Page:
The missing energy was finally discovered to be radiation
emitted as light. Once this was theorized, and proven,
then people worked to create junctions that would produce
more light than heat. These guys were comprised of PHD
physicists, scientist and engineer from around the globe
working in this special area of quantum physics. Soon
they found the magic combinations to make diodes produce
much more light than heat. Some of the earliest and cheapest
Light Emitting Diodes (LEDís) were from Gallium
doped with Arsenic (They are called Gallium Arsenide LEDs).
The chemicals used for the manufacturing process of LEDs
are chemically hazardous. Once finished, though, they
are stable and safe. Today, I would guess the red LEDís
on your tree are GaAs (Gallium Arsenide) material. The
others colors are exotic materials used to produce blue
and green. An even mixture of Red, Green and Blue (LEDís)
can be used to produce a white LED. That is why some white
LEDís do cost a lot more. The 3 RGB colors must
be intensity balanced. So far Red has been the least expensive
of all of the LED colors. The correct mixing of RGB can
make virtually any color, but most others are too cost
intensive to be practical. From an energy-input viewpoint,
the LED light efficiency rates way beyond any incandescent
lamp. They operate at very low voltage and at very low
current making them inherently safe in the home because
it is unlikely people will receive a shock from handling
the LEDís. They also are less likely to be a fire
hazard when rubbing or touching a combustible material
such some Christmas tree ornaments because they produce
only miniscule heat. Last, but not least, LEDís
outlast any incandescent lamp in most applications. The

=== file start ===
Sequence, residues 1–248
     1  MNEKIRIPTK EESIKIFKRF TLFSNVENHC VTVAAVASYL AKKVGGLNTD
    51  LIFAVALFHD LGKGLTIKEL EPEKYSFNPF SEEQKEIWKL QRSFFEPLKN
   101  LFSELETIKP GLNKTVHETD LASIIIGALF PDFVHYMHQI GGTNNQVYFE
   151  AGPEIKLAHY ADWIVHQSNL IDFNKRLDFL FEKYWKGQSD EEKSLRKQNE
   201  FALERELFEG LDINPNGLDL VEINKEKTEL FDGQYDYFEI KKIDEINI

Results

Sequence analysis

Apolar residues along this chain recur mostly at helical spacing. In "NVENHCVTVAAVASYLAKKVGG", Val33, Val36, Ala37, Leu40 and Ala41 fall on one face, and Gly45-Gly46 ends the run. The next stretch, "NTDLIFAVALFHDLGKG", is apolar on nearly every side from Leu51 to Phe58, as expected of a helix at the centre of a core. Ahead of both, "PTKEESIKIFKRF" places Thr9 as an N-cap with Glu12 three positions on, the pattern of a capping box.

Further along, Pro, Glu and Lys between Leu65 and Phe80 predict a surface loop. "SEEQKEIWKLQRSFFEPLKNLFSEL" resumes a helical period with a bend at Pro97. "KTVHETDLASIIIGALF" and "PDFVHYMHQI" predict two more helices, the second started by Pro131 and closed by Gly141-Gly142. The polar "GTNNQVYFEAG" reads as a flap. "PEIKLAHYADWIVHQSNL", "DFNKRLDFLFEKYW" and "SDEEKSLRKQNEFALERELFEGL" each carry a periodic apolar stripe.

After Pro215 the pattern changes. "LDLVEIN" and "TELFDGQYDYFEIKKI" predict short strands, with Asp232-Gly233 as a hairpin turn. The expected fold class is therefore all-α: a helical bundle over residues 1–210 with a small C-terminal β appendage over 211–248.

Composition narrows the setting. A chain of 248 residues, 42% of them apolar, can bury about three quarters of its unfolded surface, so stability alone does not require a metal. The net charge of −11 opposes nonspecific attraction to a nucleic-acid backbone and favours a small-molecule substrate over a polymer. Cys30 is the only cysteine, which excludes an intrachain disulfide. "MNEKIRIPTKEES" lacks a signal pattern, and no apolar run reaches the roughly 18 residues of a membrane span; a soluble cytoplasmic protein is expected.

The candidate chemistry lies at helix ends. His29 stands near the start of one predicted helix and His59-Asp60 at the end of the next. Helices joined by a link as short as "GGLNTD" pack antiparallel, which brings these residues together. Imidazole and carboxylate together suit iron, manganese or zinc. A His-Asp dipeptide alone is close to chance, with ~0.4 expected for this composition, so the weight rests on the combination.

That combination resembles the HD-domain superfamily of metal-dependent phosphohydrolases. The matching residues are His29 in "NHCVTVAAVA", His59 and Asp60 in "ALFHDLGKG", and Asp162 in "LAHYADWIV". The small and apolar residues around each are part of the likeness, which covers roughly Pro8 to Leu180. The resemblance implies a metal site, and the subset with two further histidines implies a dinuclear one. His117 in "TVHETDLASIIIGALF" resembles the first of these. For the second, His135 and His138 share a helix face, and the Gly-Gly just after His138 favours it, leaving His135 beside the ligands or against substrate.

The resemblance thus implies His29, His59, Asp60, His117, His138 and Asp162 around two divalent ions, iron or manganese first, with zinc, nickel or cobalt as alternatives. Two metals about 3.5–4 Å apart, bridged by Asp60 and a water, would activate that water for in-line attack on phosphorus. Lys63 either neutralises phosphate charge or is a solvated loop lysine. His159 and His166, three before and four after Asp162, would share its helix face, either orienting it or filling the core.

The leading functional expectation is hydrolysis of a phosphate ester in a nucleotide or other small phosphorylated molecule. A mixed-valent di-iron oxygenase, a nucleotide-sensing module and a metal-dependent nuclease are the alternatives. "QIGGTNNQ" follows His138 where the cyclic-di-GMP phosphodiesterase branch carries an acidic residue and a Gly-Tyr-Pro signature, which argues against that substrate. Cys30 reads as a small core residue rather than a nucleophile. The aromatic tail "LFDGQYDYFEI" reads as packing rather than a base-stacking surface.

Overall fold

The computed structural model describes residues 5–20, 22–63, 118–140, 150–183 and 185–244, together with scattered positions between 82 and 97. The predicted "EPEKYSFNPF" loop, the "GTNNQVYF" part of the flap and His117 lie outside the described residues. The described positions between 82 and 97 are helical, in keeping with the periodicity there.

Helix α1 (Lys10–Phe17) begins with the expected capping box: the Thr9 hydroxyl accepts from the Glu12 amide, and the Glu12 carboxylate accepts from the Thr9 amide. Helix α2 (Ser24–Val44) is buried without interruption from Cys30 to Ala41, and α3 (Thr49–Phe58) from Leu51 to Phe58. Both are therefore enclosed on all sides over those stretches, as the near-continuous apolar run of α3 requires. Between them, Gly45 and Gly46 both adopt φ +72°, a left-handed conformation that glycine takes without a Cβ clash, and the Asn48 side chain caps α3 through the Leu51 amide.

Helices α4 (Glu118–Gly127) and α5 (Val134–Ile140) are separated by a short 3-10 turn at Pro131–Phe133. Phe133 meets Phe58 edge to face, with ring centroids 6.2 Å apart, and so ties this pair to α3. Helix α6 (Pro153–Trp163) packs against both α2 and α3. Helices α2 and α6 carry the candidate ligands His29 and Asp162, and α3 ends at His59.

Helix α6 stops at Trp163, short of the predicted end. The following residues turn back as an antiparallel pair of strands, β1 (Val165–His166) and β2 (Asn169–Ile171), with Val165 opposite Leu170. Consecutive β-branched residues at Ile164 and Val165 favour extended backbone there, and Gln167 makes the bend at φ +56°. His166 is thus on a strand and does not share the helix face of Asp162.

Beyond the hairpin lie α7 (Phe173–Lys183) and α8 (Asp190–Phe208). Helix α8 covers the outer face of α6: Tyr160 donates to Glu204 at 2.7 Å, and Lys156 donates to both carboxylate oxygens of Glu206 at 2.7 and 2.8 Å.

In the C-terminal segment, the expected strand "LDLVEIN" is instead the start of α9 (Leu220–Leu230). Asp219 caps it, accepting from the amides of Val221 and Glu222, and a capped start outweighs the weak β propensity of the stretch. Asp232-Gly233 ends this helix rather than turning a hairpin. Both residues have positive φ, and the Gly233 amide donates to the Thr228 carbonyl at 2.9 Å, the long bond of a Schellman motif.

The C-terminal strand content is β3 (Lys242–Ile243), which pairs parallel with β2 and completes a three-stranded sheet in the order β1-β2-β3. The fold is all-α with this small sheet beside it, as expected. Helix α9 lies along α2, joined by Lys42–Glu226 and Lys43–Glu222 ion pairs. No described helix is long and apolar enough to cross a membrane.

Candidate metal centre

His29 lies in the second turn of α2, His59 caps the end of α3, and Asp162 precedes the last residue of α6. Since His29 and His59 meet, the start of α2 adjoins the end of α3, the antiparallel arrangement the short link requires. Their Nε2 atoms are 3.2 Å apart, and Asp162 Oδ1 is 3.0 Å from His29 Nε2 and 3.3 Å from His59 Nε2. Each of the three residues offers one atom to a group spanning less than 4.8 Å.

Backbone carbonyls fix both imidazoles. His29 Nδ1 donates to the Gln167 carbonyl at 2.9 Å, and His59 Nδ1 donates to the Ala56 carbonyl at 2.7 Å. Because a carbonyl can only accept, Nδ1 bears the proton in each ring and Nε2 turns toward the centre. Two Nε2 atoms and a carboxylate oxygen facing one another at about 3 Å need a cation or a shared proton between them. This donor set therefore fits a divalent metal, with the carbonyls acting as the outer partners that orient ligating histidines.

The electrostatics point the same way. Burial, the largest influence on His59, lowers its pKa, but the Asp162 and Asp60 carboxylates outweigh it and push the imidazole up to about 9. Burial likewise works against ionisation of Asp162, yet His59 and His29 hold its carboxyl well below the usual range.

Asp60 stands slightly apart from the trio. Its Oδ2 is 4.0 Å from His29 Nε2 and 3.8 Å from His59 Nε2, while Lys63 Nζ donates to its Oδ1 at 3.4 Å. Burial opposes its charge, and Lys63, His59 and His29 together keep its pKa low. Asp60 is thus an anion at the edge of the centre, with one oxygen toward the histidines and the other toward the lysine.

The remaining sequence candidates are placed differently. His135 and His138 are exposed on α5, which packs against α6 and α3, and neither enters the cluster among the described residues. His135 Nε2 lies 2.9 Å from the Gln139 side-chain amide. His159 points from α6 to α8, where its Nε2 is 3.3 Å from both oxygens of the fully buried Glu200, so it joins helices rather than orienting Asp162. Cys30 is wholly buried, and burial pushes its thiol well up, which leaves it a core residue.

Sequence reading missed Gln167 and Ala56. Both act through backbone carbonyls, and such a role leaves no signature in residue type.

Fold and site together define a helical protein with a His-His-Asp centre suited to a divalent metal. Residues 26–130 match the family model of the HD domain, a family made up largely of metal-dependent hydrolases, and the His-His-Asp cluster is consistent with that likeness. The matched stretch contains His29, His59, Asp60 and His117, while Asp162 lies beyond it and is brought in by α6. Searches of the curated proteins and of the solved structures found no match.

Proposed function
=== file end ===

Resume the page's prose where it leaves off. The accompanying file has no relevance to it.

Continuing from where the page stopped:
last I knew the ratio was greater than 10 to 1. In industry
we use them when we must have a light and count on it.
There are even LED replacements for many popular small
bulbs. They are normally an array of tiny LEDís
on a carrier of some sort to produce a similar amount
of light like their counterpart incandescent lamp. LED
replacements appear initially pricey when compared to
the equivalent incandescent lamp. However, when considering
the energy savings and the life of the LEDís themselves,
the net result is almost always a brighter light at lower
long-term cost. In our disposable society, most people
do not appreciate the long-term gain. But, as energy costs
skyrocket, this is bound to change.
Your fiber Optic Tree
I had the privilege of helping Corning Incorporated develop
production quantities of commercial glass fiber for the
telecommunications market right after its conception.
The plastic fibers in a home application are similar in
nature, but donít need to be as technically precise
in manufacture. The concept is to shine a light source
LED on the end of a bundle of many fibers. Each one will
Ďlight pipeí the light it sees at the source
to its other end producing the effect of a small light.
Larger scale versions of this are used in homes for lighting
from the roof into the home during daylight hours and
can save sizable energy over any electrical light.
I am eager to see how you put together your LED concept
Fiber Optic Christmas Tree and evaluate it if you wish.
I sense this will be a much more challenging project.
(We are sending Larry our new LED
powered Fiber Optic Tree on Thanks Giving weekend for
had planned many years ago to make a wreath with LEDís
(all red) with Darlaís help. We never got it started.
Maybe this will spur me on. Thank you so much. (We
got those coming too!)